Terrorism is certainly not new. In fact, it is deeply embedded in history. The Zealots, for example, were a Jewish sect that appeared in 6 CE and assassinated local government officials in an attempt to ignite uprisings and drive the Romans out of Palestine. The Middle East spawned the Assassins (1090–1275), Muslims who killed the political rivals of the potentate for whom they worked. Christian Europe also had its experience with terror during the 15th-century Spanish Inquisition that combined the forces of church and state in trials and the burning of accused witches—a phenomenon that even touched the New World, most notably at Salem, Massachusetts, where witches were hanged in the 1690s.

Historically, the vast majority of terrorism in traditional societies has been religiously inspired; indeed, terrorists often claimed they were carrying out the will of God. These historical examples are a good reminder that religiously inspired terrorism—a major contemporary concern—is certainly not new.

It was the French Revolution in 1789, however, that popularized the term terrorism. During this period, terrorism was associated with the state, as the guillotine was used to behead publicly those who were declared enemies of the state. In later years, even more highly developed forms of state terrorism were practiced in both the Stalinist Soviet Union and Nazi Germany in the 1930s and 1940s.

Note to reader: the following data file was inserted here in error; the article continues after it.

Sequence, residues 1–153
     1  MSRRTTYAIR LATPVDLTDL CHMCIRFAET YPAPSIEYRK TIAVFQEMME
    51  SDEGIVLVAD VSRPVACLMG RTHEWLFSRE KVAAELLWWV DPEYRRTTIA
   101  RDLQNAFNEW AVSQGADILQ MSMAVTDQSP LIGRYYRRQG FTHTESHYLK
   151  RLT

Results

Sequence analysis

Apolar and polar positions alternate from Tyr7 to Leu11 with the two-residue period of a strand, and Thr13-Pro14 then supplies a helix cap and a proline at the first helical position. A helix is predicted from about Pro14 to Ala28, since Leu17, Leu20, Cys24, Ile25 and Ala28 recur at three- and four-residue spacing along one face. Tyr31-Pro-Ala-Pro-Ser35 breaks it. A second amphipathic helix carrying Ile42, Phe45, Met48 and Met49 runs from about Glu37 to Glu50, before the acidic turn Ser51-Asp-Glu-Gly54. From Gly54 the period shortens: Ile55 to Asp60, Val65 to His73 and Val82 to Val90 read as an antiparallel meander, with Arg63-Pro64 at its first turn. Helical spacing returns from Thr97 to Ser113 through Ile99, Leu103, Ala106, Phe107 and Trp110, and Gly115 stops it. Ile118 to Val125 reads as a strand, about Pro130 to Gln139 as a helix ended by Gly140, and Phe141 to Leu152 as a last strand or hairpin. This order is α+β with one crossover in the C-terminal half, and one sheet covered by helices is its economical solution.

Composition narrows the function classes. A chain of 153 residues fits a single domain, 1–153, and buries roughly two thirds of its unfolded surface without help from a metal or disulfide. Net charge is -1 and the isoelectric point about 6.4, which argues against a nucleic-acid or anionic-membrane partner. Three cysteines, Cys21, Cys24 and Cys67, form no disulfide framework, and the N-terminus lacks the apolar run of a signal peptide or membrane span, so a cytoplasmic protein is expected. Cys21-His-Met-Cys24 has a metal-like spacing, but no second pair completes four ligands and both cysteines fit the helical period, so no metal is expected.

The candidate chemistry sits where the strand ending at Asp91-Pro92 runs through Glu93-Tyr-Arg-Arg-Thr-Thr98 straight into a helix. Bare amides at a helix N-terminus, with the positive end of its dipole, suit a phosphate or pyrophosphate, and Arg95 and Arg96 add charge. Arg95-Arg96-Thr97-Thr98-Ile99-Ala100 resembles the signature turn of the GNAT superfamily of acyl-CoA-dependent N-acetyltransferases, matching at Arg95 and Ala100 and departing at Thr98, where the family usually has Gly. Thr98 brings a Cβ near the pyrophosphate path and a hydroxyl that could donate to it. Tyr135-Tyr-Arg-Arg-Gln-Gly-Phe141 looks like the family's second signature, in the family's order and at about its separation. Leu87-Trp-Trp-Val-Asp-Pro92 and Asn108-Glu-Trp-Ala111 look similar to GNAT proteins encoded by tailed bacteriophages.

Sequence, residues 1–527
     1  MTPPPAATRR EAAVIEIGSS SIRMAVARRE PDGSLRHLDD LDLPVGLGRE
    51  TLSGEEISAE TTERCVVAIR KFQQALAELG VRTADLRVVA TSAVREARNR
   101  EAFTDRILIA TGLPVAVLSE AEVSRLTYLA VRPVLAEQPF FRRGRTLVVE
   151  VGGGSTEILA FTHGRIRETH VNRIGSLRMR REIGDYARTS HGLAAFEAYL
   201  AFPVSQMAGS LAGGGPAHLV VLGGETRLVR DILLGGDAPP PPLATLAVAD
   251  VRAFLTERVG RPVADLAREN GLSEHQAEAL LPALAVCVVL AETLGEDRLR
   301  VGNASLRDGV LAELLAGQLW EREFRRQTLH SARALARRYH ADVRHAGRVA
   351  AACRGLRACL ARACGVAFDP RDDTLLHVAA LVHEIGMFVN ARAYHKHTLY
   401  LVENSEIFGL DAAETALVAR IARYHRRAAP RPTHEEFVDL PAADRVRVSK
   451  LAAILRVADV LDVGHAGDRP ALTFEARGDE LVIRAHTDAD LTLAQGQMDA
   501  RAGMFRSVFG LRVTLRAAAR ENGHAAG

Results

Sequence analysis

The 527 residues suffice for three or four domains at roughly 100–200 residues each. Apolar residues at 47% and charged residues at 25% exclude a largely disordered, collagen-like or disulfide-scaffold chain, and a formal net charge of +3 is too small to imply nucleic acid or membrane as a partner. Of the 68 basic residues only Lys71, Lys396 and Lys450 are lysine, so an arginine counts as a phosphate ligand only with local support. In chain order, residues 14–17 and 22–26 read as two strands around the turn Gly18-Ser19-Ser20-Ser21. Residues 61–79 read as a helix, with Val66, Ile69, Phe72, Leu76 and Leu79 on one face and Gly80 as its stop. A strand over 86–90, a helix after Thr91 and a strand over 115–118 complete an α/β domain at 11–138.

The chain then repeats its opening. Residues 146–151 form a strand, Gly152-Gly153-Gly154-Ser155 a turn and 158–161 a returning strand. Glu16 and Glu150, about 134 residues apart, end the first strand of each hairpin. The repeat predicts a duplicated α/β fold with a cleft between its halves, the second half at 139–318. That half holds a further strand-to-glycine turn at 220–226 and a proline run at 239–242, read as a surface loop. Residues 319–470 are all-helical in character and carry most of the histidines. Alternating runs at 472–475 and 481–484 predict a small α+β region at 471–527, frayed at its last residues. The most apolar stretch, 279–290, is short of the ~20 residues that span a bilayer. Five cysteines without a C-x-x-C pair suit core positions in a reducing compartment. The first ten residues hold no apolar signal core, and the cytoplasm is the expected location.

The “knock at the door” by state authorities, the use of show trials and executions, and purges of large numbers of people were used by these regimes to instill fear in domestic populations, thus assuring greater compliance with the dictates of the state. Such tactics also found their way into Saddam Hussein’s Iraq as well as other states and societies whether on the left or right, secular or religious.

The 19th century witnessed the rise of a secular or nonreligious terrorism on the part of groups that were opposed to particular governments. During the 1800s, both the creative and destructive effects of the scientific and industrial revolutions became obvious in Europe and North America. Great wealth was created, as was great poverty. The birth of the modern city forever changed the rural ways of life. Humanity grew more confident in its ability to master nature and to design and create the perfect society. Karl Marx (1820–1872) and other communists demonstrated such faith in their vision of a worker’s paradise established after the victory of the downtrodden classes over their capitalist oppressors.